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BUCHAREST (Romania), October 9 (SeeNews) - Romania's real gross domestic product (GDP) growth is projected to reach 4.0% in 2018 before decelerating to 3.4% in 2019, the International Monetary Fund (IMF) said in the October edition of its World Economic Outlook (WEO) report released on Tuesday.
In its previous WEO report published in April, the IMF said it expected Romania's economy to expand by a real 5.1% in 2018.
According to the global lender, Romania closed 2017 with a growth rate of 6.9% on fiscal stimulus and strong external demand. Growth is expected to decline in the following two years as the stimulus moderates, it added.
Romania's economic growth slowed to 4.1% year-on-year in the second quarter of 2018, compared to 6.1% annual growth in the like quarter of 2017, the national statistical office, INS, said. Final household consumption volume rose by 3.9% in the second quarter of the year.
The IMF's October forecast for Romania's 2018 economic growth is below the government's projection of a 5.5% increase.
Romania's consumer prices are seen rising 4.7% year-on-year in 2018 and by 2.7% in 2019, the IMF said in the October edition of its WEO report. The country's annual consumer price inflation accelerated to 5.1% in August from 4.6% in the previous month, INS said. Romania's central bank, BNR, in August decreased its annual inflation forecast for 2018 to 3.5% from 3.6%, back within its target band of 1.5-3.5%.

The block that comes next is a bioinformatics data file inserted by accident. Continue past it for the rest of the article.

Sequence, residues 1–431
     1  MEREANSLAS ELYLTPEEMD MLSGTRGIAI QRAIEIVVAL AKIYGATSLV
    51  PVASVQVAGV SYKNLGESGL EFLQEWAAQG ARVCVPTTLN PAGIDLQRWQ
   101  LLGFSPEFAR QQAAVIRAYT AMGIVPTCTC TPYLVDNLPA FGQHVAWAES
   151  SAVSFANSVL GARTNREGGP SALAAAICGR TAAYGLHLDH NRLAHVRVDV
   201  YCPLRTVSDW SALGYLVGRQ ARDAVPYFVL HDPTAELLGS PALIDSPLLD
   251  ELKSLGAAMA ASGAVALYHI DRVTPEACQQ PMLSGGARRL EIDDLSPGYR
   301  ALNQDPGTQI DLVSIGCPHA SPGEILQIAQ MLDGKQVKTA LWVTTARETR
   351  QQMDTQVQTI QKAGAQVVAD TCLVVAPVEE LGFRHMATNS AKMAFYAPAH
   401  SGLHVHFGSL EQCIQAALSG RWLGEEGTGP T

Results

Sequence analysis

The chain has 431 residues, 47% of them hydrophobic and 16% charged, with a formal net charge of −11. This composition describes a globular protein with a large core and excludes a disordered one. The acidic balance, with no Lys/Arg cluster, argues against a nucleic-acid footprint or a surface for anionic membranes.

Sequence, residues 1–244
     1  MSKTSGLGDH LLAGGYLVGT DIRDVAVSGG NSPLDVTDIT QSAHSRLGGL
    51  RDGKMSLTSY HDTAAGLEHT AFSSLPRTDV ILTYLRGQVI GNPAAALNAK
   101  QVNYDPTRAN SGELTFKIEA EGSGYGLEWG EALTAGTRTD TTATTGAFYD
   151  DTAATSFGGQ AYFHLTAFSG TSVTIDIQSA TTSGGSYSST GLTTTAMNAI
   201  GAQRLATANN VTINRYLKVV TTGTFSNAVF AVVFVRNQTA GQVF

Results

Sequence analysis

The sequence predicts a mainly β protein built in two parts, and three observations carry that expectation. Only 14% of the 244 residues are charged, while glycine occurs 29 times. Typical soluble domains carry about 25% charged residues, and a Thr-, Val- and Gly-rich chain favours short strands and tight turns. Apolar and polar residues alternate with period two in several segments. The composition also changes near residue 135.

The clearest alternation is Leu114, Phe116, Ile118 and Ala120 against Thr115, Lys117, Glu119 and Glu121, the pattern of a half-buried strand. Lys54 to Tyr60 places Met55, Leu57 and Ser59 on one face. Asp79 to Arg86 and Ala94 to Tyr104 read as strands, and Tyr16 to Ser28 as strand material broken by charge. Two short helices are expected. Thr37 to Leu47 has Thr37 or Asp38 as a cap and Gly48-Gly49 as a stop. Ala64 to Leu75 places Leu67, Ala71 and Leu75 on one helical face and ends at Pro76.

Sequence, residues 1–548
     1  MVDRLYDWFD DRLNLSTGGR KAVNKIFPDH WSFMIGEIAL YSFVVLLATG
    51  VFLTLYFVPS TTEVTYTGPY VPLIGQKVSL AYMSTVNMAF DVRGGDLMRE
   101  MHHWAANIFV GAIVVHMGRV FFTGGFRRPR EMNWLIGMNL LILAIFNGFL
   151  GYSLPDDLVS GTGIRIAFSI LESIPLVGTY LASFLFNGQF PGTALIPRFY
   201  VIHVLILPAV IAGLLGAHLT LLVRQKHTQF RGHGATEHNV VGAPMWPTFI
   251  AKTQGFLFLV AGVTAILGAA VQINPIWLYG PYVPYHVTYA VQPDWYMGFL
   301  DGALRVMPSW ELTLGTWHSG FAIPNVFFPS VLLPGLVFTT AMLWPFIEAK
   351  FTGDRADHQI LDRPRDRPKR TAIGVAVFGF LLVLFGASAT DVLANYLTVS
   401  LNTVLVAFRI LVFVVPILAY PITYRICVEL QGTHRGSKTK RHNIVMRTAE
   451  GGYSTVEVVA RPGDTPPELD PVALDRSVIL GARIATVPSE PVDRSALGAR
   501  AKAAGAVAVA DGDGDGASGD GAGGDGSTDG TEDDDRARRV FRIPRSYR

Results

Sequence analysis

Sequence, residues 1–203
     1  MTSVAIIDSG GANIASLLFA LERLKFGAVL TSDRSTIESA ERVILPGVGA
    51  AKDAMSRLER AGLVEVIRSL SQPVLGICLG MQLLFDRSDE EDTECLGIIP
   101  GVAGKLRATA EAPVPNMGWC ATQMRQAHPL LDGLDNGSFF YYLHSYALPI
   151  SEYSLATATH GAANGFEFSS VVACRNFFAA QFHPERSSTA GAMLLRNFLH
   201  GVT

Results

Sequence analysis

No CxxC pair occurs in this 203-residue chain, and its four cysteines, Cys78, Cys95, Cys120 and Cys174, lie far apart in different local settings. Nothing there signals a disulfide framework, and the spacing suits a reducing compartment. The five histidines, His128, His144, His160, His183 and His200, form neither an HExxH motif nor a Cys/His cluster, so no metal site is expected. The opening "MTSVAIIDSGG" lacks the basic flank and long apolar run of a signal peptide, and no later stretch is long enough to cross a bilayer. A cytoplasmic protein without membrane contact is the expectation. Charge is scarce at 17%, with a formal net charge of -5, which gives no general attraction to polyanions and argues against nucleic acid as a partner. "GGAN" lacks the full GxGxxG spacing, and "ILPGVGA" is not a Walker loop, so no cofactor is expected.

Unemployment rate is projected to fall from 4.9% in 2018 to 4.7% in 2018 and 4.8% in 2019, according to the IMF forecast.
The country's current account deficit is expected to drop to 3.5% of GDP projected in 2018 and to 3.4% of GDP projected in 2019, the IMF said. This compares with a current account gap of 3.4% of GDP in 2017, according to the IMF. Romania's current account recorded a deficit of 4.811 billion euro ($5.589 billion) in January-July, compared to a deficit of 4.162 billion euro in the year-ago period.
In June, the IMF said that fiscal moderation would reduce the amount of monetary tightening required to help temper overheating of Romania's economy.